© Getty Images

Since Jayawardene and Sangakkara bowed out of T20 International cricket, Sri Lanka have lost seven of 10 matches played in the format. © Getty Images

It is quite ironic that Mahela Jayawardene and Kumar Sangakkara are scoring runs for fun in Twenty20 leagues across the world while young Sri Lankan batsmen are struggling to cope with their retirement from international cricket.

The numbers say it all. Since Jayawardene and Sangakkara bowed out of T20 International cricket after Sri Lanka won the World T20 title in 2014, the islanders have lost seven of 10 matches played in the format. The results are similar in One-Day Internationals too – they have lost two of their three series since the retirement of the two former captains after the World Cup last year.

The last few weeks in particular have been interesting. Or depressing, if you’re a Sri Lankan fan. Jayawardene has made four half-centuries and one century across the Big Bash League and the Masters Champions League, while Sangakkara hit four consecutive half-centuries in the MCL before shifting to the Pakistan Super League.

All this, while the highest score by a Sri Lankan in the three-match T20I series against India was just 35.

It is no secret that Sri Lanka are struggling to handle the transition, especially in the batting department. It has been worsened by the injury to Angelo Mathews. A lot depended on Tillakaratne Dilshan, but the experienced opener fell in the first over of both matches he played in, managing only one run in two innings combined.

Sri Lanka needed someone from Niroshan Dickwella, Danushka Gunathilaka, Milinda Siriwardana and Dasun Shanaka to step up, but no one did. Only Dinesh Chandimal and Chamara Kapugedera showed a semblance of fight while the rest surrendered meekly.

The most notable aspect of their batting has been that not a single batsman has shown the willingness to fight it out when the going got tough, as was evident in the third game where they were shot out for their lowest T20I score of 82.

“We’ve got an inexperienced team. When we lost wickets, they (young batsmen) didn’t know how to stay there and get some more runs. We struggled with that,” assessed Chandimal, standing in as captain for the injured Lasith Malinga, after the Visakhapatnam T20I.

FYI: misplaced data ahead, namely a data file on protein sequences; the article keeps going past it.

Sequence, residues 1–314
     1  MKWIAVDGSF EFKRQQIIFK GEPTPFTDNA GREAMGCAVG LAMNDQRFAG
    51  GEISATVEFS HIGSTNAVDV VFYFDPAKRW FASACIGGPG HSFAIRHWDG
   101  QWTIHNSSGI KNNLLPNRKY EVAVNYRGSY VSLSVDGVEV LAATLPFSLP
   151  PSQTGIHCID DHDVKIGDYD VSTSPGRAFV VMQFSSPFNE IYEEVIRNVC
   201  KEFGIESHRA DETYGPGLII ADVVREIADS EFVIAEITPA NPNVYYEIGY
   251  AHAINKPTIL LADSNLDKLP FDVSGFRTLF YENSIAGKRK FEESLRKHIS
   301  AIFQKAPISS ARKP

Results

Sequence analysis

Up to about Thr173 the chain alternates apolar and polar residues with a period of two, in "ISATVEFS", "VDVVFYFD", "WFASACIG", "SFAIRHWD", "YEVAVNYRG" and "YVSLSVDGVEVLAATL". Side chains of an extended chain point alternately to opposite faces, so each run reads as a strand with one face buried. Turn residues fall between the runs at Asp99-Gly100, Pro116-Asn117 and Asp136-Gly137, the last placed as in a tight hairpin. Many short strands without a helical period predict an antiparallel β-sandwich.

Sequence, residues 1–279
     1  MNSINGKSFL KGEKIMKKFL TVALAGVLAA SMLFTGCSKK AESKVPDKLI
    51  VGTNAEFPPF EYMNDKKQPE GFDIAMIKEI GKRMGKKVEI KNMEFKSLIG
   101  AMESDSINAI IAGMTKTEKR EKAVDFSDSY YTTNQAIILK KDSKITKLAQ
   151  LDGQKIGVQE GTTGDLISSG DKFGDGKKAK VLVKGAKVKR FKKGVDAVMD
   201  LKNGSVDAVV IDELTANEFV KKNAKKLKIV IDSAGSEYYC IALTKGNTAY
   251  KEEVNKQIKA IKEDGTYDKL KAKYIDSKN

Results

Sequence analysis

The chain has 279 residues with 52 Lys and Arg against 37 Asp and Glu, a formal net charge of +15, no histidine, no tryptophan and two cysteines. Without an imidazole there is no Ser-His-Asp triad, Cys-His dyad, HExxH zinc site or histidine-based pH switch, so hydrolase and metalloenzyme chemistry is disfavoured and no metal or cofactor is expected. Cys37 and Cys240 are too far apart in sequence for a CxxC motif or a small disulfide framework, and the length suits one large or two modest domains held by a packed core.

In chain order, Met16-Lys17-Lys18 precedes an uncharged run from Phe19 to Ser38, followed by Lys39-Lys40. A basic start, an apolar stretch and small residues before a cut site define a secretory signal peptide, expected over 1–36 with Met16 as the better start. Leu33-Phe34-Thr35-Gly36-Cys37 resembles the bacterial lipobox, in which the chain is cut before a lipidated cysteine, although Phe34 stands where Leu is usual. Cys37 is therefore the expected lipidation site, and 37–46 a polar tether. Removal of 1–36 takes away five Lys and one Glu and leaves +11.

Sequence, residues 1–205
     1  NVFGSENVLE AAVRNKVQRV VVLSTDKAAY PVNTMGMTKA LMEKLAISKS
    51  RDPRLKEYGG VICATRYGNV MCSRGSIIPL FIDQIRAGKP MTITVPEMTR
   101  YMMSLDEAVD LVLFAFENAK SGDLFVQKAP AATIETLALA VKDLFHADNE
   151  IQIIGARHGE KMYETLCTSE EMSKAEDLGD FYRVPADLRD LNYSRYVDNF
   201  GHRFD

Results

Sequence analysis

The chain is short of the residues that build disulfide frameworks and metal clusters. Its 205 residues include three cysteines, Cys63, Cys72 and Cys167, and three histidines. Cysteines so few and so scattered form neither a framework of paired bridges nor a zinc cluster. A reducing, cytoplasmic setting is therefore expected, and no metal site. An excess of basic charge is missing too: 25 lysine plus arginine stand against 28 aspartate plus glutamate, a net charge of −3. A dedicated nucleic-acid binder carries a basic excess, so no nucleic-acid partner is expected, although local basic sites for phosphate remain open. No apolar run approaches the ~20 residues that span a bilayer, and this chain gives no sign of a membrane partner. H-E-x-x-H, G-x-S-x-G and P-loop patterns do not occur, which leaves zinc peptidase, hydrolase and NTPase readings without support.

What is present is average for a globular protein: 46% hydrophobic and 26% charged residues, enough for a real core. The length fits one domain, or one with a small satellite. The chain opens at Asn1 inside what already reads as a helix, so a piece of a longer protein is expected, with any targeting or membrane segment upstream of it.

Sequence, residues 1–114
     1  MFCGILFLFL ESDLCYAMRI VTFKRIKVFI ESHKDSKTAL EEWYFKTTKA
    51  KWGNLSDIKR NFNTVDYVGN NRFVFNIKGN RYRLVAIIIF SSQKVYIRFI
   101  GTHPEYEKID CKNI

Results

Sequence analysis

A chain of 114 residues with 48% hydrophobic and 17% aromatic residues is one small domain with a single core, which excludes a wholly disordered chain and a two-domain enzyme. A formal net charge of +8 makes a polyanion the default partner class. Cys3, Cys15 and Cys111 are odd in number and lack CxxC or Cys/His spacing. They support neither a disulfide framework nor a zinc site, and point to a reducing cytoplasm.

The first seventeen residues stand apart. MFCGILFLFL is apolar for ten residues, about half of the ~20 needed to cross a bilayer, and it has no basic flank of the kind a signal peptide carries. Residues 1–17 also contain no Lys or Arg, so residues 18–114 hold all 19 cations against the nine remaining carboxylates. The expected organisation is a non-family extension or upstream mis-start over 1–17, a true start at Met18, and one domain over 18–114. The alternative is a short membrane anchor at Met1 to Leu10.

But while the batting has evidently struggled, some of the younger bowlers showed promise. Kasun Rajitha and Shanaka engineered a memorable win in the first match in Pune, while Dushmantha Chameera has impressed with his pace and subtle variations.

The attack will look much better as and when Malinga and Mathews return – something they desperately need at this stage.


The attack will look much better as and when Malinga and Mathews return. © AFP

“When Angelo and Malinga come back, there will be more experience within the group,” Graham Ford, the coach, told Wisden India last week. “For now, it is a different feel. We’ve played some exciting cricket with this young group but there will be days where the inexperience might cost us.

“This is the start of a rebuilding phase. It’s a big challenge for Sri Lankan cricket right now. We want to get back to where Sri Lanka was. Everybody is aware that there’s a lot of talent in the island. It’s up to everyone involved to rebuild the national side to where it was. The plan is more of a long-term one. We have to identify who the real talented players are and work with them. That might take a little bit of time. It’s not just T20. We have to identify talent for the longer formats as well. It’s a long process ahead for us. Nobody can say how long it will take.”

As Ford says, it’s not easy to predict when Sri Lanka will be a big force again. But given that the Asia Cup and the World T20 are not too far away, the defending champions of both tournaments are clearly running out of time.

“When we left Sri Lanka, we told ourselves that this little tour would be an indicator as to how far back we are, or how far we have to go,” Ford had said.

The little tour has clearly shown that Sri Lanka have a long way to go. A long-term solution for Sri Lanka’s woes will take a lot of hard work; the only quick fix seems to be the return of Mathews and Malinga.